Monday, December 26, 2005

Christmas Symbols

I saw this in an email from "Freshministry" and wanted to share.

As I'm getting older, I find that I like some of the icons of the Christmas season that I once rejected. In the past, decorations and traditions seemed a bit sacrilegious to me. I thought that if I had a picture of Santa Claus in my home or if we went overboard decorating, we'd be missing the real meaning of Christmas. And I suppose that if those things were the final destination I'd have been right.

Today when I see a Christmas tree, I am reminded that the first Adam took the fruit of the tree of the knowledge of good and evil from his wife and sinned against a holy God (Gen 3:6), but that the second Adam, took the fruit of that sin and bled and died on another tree to pay the price of that sin. When I smell the scent of the evergreen, I'm reminded that the new life I enjoy because of what Jesus did on the cross gives me everlasting life (John 3:16).

The ornaments hanging on the tree also remind me of what Jesus has done for me. When I see the red ones, I think about the blood of Jesus that He shed for my salvation. The silver and gold remind me of God's blessings in my life and the candy cane reminds me that Jesus is the Good Shepherd (1 Peter 5:4). The white stripes remind me that Jesus was sinless (2 Cor. 5:21). The red stripes that He shed His blood for me (Eph 1:7). Both colors of stripes remind me that my spiritual healing comes only through His stripes (Isa 53:5). The angel on the top reminds me of my responsibility to tell the world that Jesus has come, just as the angel of old did (Luke 2:10).

When I see a Santa Claus, I don't think about the commercialism of Christmas, I think of St. Nicholas, the fourth Century Bishop who was legendary for his kindness and generosity.

All of these symbols are just that-symbols. They are not intended to be our final destination, they are just signs. This year, I pray that all the icons of Christmas pointed you in the right direction and were not your final destination.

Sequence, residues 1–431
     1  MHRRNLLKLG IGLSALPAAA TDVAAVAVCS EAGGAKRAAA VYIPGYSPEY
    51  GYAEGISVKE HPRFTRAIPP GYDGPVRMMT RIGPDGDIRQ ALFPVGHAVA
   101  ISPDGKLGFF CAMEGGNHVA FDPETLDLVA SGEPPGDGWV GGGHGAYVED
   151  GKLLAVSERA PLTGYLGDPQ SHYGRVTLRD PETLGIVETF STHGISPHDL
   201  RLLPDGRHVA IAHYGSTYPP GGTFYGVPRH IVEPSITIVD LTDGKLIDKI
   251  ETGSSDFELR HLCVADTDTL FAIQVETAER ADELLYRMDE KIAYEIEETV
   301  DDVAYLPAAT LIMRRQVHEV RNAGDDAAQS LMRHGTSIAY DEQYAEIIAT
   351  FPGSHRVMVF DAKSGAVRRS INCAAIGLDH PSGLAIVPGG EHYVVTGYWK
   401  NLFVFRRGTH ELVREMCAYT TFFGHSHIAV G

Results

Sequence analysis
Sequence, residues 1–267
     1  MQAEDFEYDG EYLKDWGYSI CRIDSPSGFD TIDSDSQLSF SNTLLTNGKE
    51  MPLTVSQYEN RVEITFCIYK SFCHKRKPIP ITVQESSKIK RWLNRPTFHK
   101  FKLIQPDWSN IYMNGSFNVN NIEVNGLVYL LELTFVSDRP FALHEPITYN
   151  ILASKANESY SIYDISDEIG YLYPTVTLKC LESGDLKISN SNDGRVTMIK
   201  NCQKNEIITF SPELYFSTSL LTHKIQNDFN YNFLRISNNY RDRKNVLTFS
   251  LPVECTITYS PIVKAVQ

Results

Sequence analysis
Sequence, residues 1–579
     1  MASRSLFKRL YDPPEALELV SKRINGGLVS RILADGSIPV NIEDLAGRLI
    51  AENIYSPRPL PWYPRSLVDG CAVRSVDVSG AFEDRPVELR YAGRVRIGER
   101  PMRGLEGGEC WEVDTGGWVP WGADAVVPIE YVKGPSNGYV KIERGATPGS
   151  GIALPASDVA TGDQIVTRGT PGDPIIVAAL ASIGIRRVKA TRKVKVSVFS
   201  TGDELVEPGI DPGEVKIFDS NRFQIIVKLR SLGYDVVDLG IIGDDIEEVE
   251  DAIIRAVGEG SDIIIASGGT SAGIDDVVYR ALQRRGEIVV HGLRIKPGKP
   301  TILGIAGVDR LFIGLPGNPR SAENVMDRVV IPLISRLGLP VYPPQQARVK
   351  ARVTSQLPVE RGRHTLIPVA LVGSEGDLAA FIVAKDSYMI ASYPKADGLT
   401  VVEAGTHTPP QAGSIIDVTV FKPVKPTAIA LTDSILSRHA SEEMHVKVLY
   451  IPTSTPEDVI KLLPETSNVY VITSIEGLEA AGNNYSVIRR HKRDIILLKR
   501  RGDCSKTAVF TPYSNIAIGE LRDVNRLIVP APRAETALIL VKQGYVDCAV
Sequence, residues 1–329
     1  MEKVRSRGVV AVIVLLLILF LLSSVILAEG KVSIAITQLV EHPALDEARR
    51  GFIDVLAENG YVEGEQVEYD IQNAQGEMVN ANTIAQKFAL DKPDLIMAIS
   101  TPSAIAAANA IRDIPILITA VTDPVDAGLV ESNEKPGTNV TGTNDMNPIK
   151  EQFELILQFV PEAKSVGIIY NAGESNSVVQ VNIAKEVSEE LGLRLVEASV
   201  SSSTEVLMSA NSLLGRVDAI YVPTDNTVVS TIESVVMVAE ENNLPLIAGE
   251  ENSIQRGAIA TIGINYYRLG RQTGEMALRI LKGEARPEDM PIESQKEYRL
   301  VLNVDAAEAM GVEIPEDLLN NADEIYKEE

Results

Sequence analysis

Everyone loves "Carolers", right?

Saw this on a recent escape to Seattle with my wife. It was in the window of a shop called
"Toys in Babeland". I just couldn't resist the opportunity to capture the memory!


Image hosted by

Friday, September 23, 2005

On the next episode of "Inked- the family".....

Who says you're ever too young?

Image hosted by

Thanks to the great gals at Mehndi Madness
for doing these for my gals. They love having tatts "just like dad!"
BTW, THEY picked the designs! I'm gonna be in big trouble in about 10 years!

Brush with fame......

I have my own business. I am a service electrician. Not always a fun job, but I usually enjoy what I do. And I happen to think I am rather good at it.
On Thursday, I went buy my shop ( which is on my folks property) and my old man was there looking for something. I hadn't seen him in a few days so we caught up for a bit. Turns out he has been doing some work (he is also an electrician) for some rich guy a few miles away. Installing a electric gate at the end of the driveway. But he can't finish, so he asks if I can take care of the rest for him. Sure, I love working for people who have too much money! So I head out. He calls me just before I get there to warn me that the owner, who never seems to be there, is a bit odd (his word). As I pull into the drive way, the first thing I notice is that large log house that takes up most of the property. The second (and not the last) is the large frog statue in the front yard. OKAY?
Image hosted by
The job itself is fairly straight forward, so to work I go. Part of what I am doing requires me to connect some wires to the main house. As I am circling the house I notice several "odd" things. One is the large bay window in the front of the house. Now lots of people have bay windows on their homes. Heck, I have one. But not many have a life size "alien" corpse being watched over by a large stuffed black panther!
Don't believe me? Take a look........

Image hosted by
So, now I am intrigued. I go around the side and look through the only other window that is not frosted. And I almost wet my pants! Inside, standing at the edge of the loft, is a full size Darth Vader. Sorry no pic, but believe me, it freaked me out. Among the other "odd" things were the mass assortment of weapons- knives, swords, rifles...-hung on almost every wall.
About this time, the neighbor/caretaker shows up. He is like something right out of "Deliverance".

He rides up on a camo colored ATV with a rifle mounted on the handlebars "Just in case" he tells me later. Just in case! Just in case of what? A rabid squirrel? This is the Northwest, not the damn outback!